UMaine awarded NSF MRI grant to update instrumentation for climate, environment, ecosystem and engineering research – K. Kreutz
The National Science Foundation (NSF) awarded a $661,462 Major Research Instrumentation (MRI) grant to the University of Maine to upgrade a multiuser instrument in the Climate Change Institute.
Over the last two decades, the University of Maine Climate Change Institute’s ICP-MS facility has conducted valuable climate, environmental, ecosystem and engineering research and training across the state of Maine and beyond. The instrument that made that possible is the Thermo Scientific Element2 ICP-MS, an instrument for the analysis and quantification of trace elements that can be used for a variety of applications, from biological research to materials science. However, UMaine’s instrument has been heavily used and at the end of its operational lifetime.
The NSF grant will be used to expand the capabilities of the ICP-MS Facility through the acquisition of a new and improved instrument: the Thermo Scientific Element XR extended dynamic range high resolution ICP-MS with a Jet Interface for analysis of aqueous samples, supplemented with a ESL NWR193UC laser ablation front end for ice, biological and other solid materials.
“The state-of-the-art ElementXR will allow us to push much farther on research questions that many of us are already working on. Adding laser ablation to the system allows us to ask and pursue a whole new set of questions, which in many cases will be ones that we don’t even know yet,” says Karl Kreutz, director of the School of Earth and Climate Sciences, professor in the Climate Change Institute and the principal investigator on the project.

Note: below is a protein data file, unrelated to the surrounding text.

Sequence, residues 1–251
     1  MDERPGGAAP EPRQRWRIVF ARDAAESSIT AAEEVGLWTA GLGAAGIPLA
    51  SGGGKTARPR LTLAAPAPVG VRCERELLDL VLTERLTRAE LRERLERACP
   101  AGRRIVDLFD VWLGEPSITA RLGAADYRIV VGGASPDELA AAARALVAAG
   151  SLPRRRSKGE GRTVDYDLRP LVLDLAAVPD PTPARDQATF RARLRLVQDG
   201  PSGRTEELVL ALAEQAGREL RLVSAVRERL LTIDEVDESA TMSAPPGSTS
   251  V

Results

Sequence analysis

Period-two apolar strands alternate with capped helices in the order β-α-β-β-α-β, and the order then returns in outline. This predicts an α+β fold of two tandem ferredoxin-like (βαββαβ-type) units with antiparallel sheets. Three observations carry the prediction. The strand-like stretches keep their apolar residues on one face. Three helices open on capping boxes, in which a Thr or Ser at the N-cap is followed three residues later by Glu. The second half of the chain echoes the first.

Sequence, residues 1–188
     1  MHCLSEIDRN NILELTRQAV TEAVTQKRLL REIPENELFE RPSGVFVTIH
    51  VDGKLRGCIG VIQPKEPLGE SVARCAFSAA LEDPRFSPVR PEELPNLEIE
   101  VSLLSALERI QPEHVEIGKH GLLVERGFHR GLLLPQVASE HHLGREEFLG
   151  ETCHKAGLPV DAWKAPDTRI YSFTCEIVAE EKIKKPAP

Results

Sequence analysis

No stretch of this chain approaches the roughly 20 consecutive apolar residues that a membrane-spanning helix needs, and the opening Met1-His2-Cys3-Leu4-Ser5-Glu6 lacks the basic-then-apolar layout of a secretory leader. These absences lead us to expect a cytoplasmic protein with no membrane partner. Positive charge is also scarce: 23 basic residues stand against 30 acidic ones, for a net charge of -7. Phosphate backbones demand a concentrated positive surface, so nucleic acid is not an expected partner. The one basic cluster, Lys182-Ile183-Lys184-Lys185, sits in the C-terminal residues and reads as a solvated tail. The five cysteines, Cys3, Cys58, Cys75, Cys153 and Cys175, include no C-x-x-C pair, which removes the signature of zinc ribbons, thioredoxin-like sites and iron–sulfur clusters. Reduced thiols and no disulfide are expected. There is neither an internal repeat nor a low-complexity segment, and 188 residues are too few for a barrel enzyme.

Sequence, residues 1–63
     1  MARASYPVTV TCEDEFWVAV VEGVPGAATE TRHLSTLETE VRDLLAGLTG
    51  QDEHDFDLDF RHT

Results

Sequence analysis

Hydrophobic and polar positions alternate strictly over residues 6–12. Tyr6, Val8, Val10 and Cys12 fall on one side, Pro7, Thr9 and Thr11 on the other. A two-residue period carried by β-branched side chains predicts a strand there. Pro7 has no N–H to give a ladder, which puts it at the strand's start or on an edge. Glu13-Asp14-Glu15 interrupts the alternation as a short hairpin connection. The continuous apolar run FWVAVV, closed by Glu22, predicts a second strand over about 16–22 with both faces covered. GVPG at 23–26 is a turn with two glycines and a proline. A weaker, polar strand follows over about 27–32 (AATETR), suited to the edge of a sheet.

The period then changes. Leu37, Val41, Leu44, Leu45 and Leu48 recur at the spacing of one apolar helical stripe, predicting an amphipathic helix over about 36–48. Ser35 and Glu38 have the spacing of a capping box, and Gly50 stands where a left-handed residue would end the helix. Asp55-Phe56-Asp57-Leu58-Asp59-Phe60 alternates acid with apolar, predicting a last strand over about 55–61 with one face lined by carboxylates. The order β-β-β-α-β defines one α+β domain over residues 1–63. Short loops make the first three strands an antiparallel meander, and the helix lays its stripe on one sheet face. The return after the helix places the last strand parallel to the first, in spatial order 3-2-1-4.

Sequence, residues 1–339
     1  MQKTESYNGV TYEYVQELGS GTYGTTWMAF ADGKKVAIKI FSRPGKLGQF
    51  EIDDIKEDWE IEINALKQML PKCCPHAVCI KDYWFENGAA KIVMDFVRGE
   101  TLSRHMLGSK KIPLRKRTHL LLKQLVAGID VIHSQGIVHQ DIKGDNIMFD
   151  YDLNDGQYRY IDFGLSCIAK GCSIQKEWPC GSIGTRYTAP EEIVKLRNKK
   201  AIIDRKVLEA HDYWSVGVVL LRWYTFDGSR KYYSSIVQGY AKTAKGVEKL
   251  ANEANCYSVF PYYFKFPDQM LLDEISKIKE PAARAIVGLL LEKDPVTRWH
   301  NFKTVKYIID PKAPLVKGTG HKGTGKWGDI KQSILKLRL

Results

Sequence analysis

The Element XR will allow major gains in elemental and isotopic analysis by providing lower elemental detection limits and concentrations, higher sensitivity and improved isotope ratio precision. It will be used by UMaine researchers at all levels — from undergraduate and graduate students to faculty — in three primary fields: glaciochemistry and climate/environmental reconstruction; paleoceanography and marine biogeochemistry; and environmental sensor development and material science engineering.
The instrument will also help to facilitate existing national and international collaborations, including with the University of Venice, University of Cambridge/British Antarctic Survey and scientists in New Zealand, Switzerland, China, Canada and Brazil colleagues to analyze ice generally. The improved equipment will also aid in new collaborations between the Climate Change Institute and other departments at the University of Maine, such as the College of Natural Science, Forestry, and Agriculture, and the College of Engineering.
“The proposal and grant have already created exciting new collaborations between CCI and Engineering in materials science. The new instrumentation has such a wide range of capabilities which we hope will continue to foster these new connections across UMaine and the state,” says Kreutz.